Writing, as I’m sure you know, is a solitary endeavor. Our hope, in all those hours spent in front of the computer, is that someday our book will reach an audience who will be truly enriched by our words, our strategies, or our experiences. One of the best ways to take that first step from an audience of one (plus maybe your cat) to the eyes of the public is to attend a writer’s conference.
One of my favorite writer’s conferences is the San Francisco Writer’s Conference. I’ve attended it for eight years and have been a speaker for five. The first year I attended changed the course of my career in ways that still benefit me today.
When I showed up for the first time at the San Francisco Writer’s Conference back in 2005, I was ready to change the world! I attended as many sessions as I could, made a point of introducing myself to people at every opportunity, took copious notes, and soaked up the entire experience. On the last day, we had the opportunity to participate in “speed dating with agents.” I was pitching a business startup book, which actually helped me stand out amongst attendees who were primarily pitching fiction and memoir.
As a result of those pitches, 14 agents and editors requested that I send them proposals for my book. I returned home and sent them out quickly, anxious to hear back and land that book deal.
The rejection letters came in one-by-one, and they had a common theme. The letters pointed out that I didn’t have a platform. Then I received a phone call from Michael Larsen, a successful literary agent and co-founder of the San Francisco Writer’s Conference. He told me that he liked my writing, but that nobody knew who I was. If I wanted to land a book deal with a major publisher, I needed to have an audience. He said that I should be out speaking to thousands of people each year.
That phone call changed my life.
I decided that I would turn to the internet to build an audience. I knew that I wanted to reach entrepreneurs and aspiring entrepreneurs, so I launched BusinessInfoGuide.com and began sharing articles and resources on the site. The truth was that I had no idea what I was doing! But I noticed that the more content I added, the more traffic the site received.
Because I was impatient with the traditional publishing option, I decided to self-publish that first book: The Business Startup Checklist and Planning Guide. I listed it for sale on Business Info Guide a full two months before it was in print and that darn book began selling immediately. That’s when I really understood what Mike Larsen had said. I was building an audience—and that’s what publishers wanted.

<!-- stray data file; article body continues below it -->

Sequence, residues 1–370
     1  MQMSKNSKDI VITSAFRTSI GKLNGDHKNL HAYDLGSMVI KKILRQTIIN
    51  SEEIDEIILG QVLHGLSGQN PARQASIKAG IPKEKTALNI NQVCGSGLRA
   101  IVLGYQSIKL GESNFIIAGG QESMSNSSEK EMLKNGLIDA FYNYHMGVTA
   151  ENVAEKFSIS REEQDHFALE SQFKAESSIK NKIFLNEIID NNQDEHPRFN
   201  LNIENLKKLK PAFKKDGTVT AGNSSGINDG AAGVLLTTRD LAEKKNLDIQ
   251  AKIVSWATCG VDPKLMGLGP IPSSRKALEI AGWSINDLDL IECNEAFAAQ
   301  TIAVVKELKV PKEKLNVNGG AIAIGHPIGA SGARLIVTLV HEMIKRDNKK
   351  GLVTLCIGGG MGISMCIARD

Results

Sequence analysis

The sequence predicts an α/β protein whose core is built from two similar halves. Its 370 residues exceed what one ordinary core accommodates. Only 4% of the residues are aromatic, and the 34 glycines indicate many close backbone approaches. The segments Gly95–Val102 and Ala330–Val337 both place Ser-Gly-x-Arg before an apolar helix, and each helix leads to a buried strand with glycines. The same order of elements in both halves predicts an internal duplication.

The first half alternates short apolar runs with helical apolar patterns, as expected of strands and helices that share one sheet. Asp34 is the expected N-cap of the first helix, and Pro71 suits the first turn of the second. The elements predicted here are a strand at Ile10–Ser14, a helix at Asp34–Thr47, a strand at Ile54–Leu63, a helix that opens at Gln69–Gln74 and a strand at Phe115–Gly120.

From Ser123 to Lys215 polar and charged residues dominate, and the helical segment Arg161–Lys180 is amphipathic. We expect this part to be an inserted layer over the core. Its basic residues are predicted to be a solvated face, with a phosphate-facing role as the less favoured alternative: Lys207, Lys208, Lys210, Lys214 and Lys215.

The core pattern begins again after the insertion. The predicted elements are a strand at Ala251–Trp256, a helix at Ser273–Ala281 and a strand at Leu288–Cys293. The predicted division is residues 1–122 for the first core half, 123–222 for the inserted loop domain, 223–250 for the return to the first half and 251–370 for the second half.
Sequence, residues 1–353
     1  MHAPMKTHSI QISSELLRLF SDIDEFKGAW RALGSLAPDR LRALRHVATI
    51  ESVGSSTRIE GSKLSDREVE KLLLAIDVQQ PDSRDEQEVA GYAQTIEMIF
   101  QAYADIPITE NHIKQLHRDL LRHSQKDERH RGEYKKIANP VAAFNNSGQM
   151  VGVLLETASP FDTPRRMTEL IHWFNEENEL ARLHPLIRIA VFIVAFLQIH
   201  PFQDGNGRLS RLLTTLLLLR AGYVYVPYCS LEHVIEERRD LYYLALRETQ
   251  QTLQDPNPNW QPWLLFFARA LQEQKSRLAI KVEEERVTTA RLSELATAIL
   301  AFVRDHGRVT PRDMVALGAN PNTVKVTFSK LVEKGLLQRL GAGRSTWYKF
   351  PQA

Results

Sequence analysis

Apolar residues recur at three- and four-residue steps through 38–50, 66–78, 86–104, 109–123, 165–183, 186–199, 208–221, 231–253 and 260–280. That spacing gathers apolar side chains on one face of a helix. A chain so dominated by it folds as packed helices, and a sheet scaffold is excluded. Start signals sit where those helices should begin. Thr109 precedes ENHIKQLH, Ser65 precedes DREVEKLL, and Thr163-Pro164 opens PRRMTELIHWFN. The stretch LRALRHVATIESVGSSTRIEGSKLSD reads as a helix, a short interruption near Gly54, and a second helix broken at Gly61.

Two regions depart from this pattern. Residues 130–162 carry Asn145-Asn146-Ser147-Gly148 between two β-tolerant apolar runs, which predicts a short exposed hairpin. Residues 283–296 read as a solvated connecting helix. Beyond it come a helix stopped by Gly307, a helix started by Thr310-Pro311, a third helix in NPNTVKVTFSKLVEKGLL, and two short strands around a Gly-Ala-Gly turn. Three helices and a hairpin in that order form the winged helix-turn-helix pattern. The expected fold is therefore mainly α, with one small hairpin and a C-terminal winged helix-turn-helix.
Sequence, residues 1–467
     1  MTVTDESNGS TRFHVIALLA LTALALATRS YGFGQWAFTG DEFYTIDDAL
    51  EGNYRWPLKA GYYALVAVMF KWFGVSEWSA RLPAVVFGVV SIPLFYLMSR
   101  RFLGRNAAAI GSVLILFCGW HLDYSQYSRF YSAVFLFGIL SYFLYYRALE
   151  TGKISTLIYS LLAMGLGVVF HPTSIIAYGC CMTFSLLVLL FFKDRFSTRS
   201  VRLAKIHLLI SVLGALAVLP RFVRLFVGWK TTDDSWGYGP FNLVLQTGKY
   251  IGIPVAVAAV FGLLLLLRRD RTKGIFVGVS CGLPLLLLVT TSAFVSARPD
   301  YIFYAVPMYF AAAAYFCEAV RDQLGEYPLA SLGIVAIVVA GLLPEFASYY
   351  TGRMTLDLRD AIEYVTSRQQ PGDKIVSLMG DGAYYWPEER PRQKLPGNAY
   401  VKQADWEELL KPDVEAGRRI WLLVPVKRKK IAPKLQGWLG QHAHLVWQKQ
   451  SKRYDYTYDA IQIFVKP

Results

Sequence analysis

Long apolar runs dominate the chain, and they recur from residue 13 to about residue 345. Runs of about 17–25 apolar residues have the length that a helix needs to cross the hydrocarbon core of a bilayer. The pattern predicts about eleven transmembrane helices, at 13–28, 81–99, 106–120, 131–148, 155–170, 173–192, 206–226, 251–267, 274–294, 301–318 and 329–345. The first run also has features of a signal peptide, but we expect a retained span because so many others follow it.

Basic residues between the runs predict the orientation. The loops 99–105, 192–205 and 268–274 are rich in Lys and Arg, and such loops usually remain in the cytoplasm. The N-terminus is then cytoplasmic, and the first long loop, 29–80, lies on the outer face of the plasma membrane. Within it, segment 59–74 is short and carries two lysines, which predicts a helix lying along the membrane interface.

When I wrote my next book the following year, I had a high-traffic website and a large e-newsletter list. I wrote a proposal and sent it to exactly two publishers. John Wiley and Sons picked it up and gave me my first book deal for From Entrepreneur to Infopreneur: Make Money with Books, eBooks, and Information Products.
After that, I followed up with one of the literary agents who I had met during the speed dating event at the writer’s conference. We’d had a connection and I knew I was finally ready to get her attention. Because I had a platform, Andrea Hurst signed on to be my agent and landed two more book deals for me. Though I later returned to self-publishing after growing frustrated with the lack of author control associated with traditional publishing, I wouldn’t change a thing about my journey.
Attending the San Francisco Writer’s Conference was a life-changing experience for me that also altered the trajectory my author career. It was there that I learned what I needed to know to navigate the world of publishing, and made connections with people that I will maintain for a lifetime. I am honored to return each year as a speaker and as a success story.
If I hadn’t attended that conference, I would have missed out on learning opportunities and the connections that I made there. Who knows how much longer it would have taken me to figure out what I needed to know and make the contacts that would move my author career forward.
I firmly believe that every writer should attend at least one writer’s conference. If you go with an open mind and a willingness to learn, it can make all the difference.
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